Studies have shown that simply exposing children to nature can reduce stress by as much as 28%, while also improving mood and cognitive performance. Nature distracts from civilized life and allows the mind to ‘be’ in an age of connectivity where there is little time for that. Our daily sports programme, sailing lakes and a unique Outdoor Education Centre (where children can learn the likes of archery and bushcraft), mean exposure to nature is part of life here.

Nature aside, one of the reasons we dedicate a large portion of our timetable to co-curricular activities and sport is for children to indulge their curiosity and discover new things that make them tick. It gives every child a chance to excel in a fun and social environment, and ignites passion for continual learning.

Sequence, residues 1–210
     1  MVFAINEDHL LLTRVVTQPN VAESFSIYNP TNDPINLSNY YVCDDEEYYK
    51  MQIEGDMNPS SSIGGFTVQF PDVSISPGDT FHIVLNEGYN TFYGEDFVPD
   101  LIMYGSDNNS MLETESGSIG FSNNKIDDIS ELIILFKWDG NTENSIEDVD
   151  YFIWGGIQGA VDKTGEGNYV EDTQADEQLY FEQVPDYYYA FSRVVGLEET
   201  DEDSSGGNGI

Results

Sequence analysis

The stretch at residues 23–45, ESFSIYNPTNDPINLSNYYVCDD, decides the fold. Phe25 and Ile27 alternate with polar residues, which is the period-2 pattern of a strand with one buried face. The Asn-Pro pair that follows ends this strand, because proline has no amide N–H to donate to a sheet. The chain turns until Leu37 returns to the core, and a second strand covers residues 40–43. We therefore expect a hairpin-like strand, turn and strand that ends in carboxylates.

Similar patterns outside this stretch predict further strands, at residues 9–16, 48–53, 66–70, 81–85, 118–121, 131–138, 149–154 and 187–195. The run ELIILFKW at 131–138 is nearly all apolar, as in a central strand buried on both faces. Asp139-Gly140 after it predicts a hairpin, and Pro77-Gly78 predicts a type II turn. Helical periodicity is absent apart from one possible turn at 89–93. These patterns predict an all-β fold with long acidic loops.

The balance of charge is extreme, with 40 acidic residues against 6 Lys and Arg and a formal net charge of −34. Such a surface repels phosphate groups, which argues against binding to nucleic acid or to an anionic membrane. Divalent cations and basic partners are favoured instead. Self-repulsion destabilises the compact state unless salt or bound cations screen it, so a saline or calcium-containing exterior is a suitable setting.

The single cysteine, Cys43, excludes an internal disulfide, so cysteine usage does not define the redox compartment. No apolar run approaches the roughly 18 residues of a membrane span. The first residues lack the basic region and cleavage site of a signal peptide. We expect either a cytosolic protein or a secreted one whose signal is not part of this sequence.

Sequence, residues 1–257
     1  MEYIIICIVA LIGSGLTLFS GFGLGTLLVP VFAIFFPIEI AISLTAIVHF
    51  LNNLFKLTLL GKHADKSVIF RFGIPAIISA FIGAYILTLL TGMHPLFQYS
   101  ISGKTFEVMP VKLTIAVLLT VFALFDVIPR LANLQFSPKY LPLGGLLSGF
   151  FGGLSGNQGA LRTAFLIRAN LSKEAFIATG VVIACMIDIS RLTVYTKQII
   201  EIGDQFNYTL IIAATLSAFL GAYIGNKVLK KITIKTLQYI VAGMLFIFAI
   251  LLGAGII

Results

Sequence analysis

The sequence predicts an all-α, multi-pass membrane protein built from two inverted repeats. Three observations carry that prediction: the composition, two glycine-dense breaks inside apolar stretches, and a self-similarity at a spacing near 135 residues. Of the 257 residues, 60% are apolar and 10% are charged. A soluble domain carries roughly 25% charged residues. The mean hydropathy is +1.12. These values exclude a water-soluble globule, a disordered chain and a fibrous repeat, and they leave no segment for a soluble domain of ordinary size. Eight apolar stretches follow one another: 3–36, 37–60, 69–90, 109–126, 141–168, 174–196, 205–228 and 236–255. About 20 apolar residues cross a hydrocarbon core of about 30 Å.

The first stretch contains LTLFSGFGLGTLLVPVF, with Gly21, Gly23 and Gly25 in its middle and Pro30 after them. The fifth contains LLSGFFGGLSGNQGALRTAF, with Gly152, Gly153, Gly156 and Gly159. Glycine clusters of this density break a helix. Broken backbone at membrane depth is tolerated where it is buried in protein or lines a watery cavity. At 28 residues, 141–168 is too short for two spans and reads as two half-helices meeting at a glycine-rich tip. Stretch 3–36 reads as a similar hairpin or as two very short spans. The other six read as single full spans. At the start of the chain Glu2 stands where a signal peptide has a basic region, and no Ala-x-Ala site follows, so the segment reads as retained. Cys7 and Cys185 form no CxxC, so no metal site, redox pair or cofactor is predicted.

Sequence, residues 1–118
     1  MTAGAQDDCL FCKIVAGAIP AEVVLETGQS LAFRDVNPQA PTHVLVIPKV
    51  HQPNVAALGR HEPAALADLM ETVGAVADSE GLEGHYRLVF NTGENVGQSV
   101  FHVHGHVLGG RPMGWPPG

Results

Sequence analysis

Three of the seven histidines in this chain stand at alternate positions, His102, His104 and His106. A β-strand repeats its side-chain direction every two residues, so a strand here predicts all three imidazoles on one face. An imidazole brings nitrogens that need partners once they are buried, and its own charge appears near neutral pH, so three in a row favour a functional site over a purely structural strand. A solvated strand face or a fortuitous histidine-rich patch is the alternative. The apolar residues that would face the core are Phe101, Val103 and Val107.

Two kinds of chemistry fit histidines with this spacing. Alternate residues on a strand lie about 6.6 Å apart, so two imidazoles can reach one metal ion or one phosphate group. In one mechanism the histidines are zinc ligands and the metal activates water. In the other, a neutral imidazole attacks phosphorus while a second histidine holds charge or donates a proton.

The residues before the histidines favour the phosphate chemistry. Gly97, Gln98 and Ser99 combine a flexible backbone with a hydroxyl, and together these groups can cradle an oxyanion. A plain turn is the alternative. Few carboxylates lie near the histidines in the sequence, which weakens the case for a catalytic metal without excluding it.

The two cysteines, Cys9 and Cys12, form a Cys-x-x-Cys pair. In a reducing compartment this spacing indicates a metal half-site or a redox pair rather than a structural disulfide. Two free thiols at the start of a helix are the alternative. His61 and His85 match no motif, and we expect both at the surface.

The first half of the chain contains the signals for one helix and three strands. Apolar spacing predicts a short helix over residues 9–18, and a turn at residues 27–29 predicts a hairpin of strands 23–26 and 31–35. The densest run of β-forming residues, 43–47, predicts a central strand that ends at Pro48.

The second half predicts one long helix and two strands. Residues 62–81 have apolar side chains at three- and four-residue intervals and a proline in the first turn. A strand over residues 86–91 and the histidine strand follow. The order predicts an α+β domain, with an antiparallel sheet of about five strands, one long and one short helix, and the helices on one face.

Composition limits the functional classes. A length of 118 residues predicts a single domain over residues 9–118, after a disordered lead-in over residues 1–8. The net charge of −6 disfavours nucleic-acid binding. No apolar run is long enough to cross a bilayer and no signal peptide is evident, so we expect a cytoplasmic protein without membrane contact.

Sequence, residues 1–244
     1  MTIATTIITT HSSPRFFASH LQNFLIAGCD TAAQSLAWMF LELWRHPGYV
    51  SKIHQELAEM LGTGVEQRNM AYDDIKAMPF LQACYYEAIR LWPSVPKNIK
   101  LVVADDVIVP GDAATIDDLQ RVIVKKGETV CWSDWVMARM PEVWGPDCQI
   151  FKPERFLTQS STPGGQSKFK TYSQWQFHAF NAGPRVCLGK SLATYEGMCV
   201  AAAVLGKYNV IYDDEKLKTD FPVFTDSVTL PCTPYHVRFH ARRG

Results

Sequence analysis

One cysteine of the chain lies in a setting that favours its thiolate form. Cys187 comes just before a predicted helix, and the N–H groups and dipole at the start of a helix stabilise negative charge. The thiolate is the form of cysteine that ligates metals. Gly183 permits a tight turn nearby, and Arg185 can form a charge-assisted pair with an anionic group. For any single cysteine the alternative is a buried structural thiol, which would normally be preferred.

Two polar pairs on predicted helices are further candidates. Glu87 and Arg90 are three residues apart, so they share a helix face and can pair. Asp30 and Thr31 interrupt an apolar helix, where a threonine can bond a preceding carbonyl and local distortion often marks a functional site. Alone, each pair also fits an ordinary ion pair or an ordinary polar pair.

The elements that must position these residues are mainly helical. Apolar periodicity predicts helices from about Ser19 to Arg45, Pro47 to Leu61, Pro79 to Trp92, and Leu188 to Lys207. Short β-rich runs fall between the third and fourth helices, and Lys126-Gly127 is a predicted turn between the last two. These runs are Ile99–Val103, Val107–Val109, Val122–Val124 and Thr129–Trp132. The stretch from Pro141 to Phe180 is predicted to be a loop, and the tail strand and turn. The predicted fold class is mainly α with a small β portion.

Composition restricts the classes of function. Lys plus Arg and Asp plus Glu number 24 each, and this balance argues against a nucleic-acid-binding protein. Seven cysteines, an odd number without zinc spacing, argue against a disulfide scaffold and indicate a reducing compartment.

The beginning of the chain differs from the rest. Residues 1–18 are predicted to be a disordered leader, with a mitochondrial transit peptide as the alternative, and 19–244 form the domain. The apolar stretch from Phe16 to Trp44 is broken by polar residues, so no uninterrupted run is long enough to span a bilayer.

Dr Nick Bayliss notes the extraordinary benefits of simple social activities, such as community action. He says it “elevate(s) ones happiness, physical health, self-respect and sense of being able to make a difference”. The simple act of doing good for (and with) others, is actually doing good for yourself. Our pupils experience this self-service regularly through our Community Action Programme (CAP), which this year has seen RST senior students working alongside the Wat Koh school in Rayong to host a charity Fun Run that raised money for lunches and sports facilities that need additional funding at Wat Koh. The feel-good factor at the event was palpable.